A centerpiece of the initiative will be the new Center for Data-Driven Discovery (C3D), which will serve as external focal point for CSI’s data-centric computing activities. Within the Laboratory, it will drive the integration of domain, computational, and data science expertise across Brookhaven’s science programs and facilities, with the goal of accelerating and expanding scientific discovery by developing, deploying, and operating novel data-management, analysis, and interpretation tools and capabilities. A key focus area will be developing and deploying streaming data analysis services for experimental facilities. Outside the Laboratory, C3D will serve as a focal point for recruiting, collaboration, and communication. Kerstin Kleese van Dam is currently acting as its interim leader until a permanent lead for C3D is identified.

The people and capabilities of C3D are integral to the success of Brookhaven’s key DOE Office of Science User Facilities, including NSLS-II, RHIC, CFN, and a possible future electron ion collider. Hundreds of scientists from Brookhaven and thousands of facility users from universities, industry, and other laboratories across the country and around the world will benefit from the capabilities developed by C3D personnel to better understand the enormous volumes of data produced at these state-of-the-art research facilities.

Underpinning the work of the CSI is the creation of a new, integrated scientific data, computing, and networking infrastructure across the Brookhaven Lab site-this new Scientific Data and Computing Center will be led by Michael Ernst. Brookhaven Lab has a strong history of advances in the successful operation of large-scale computational science, data management, and analysis infrastructure, and the management of large-scale scientific data. One example of Brookhaven’s computing expertise is the RHIC & ATLAS Computing Facility (RACF). Formed in 1997 to support experiments at RHIC, Brookhaven’s flagship particle collider for nuclear physics research, the RACF is now at the center of a global computing network connecting more than 2,500 researchers around the world with data produced by RHIC and the ATLAS experiment at the Large Hadron Collider.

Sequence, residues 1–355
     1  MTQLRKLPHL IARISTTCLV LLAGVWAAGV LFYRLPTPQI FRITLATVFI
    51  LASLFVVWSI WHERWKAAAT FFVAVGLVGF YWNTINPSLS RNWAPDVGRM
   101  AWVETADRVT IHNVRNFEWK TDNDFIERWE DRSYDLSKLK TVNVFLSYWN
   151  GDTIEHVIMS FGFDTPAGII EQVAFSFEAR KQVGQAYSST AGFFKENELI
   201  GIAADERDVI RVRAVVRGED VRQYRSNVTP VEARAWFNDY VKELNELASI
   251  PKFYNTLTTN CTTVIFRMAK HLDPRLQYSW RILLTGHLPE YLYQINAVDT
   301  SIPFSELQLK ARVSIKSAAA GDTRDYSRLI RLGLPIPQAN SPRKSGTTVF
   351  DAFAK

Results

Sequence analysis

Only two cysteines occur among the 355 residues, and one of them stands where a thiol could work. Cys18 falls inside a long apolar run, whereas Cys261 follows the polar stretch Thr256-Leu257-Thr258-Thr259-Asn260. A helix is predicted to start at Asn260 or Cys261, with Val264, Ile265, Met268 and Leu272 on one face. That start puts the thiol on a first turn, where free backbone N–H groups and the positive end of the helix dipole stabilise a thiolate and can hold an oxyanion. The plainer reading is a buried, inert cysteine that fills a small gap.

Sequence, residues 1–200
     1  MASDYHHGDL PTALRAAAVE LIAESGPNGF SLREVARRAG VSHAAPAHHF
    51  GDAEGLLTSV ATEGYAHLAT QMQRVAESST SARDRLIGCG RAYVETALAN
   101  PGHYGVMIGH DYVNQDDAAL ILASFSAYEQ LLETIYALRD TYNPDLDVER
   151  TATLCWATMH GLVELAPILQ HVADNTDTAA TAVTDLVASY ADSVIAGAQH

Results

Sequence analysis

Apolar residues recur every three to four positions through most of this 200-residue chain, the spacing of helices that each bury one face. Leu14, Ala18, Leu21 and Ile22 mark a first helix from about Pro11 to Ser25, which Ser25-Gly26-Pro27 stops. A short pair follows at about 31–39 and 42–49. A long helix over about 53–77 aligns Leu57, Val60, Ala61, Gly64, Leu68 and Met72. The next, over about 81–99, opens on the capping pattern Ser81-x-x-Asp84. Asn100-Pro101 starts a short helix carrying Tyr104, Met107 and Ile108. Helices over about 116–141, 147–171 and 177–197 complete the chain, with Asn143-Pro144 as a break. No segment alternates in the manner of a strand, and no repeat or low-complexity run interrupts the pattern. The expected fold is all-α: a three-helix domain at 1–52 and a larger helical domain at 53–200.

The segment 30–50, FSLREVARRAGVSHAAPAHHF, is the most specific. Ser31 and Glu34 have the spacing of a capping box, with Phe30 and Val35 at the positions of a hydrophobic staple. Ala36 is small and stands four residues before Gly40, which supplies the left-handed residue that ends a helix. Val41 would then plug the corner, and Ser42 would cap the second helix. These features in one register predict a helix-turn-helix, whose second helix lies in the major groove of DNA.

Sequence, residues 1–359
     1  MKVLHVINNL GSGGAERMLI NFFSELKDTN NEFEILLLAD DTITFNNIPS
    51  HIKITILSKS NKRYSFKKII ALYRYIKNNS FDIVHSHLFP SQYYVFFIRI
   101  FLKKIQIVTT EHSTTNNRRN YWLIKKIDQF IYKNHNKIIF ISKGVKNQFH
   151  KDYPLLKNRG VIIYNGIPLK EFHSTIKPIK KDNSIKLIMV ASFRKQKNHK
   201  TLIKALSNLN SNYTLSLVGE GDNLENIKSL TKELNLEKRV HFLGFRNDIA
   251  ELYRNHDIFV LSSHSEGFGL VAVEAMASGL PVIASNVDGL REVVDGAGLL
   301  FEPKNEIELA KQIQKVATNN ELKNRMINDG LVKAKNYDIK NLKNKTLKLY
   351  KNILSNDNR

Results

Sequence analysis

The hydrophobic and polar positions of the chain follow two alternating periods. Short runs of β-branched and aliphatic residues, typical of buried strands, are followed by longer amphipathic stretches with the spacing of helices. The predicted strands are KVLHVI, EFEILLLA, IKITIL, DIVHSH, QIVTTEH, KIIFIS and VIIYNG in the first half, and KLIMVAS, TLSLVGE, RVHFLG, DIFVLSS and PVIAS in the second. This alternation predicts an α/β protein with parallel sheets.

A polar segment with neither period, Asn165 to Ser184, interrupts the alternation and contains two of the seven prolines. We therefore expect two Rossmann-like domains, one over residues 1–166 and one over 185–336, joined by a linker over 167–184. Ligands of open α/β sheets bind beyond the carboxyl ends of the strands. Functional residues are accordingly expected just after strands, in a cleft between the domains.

This world-class center houses an ever-expanding farm of computing cores (50,000 as of 2015), receiving data from the thousands of particle collisions that take place each second at RHIC, along with petabytes of data generated by the LHC’s ATLAS experiment-storing, processing, and distributing that data to and running analysis jobs for collaborators around the nation and the world.

The success of this distributed approach to data-intensive computing, combined with new approaches for handling data-rich simulations, has helped establish the U.S. as a leader in high-capacity computing, thereby enhancing international competitiveness. RACF will serve as a model for computing and data investigations under the new initiative, and as such will form the core of the new Brookhaven Lab Scientific Data and Computing Center. The new center will also house the Lab’s new institutional computing system, new NY State-funded operational data-intensive computing systems, a series of novel architecture research systems, as well as computing and data services operated for other third-party clients.

The CSI-in conjunction with CSL and C3D-will also host a series of workshops/conferences and training sessions in high-performance and data-centric computing-including the New York Scientific Data Summit (NYSDS). These events will explore topics at the frontier of data-centric, high-performance computing, such as the combination of efficient methodologies and innovative computer systems and concepts to manage and analyze scientific data generated at high volumes and rates.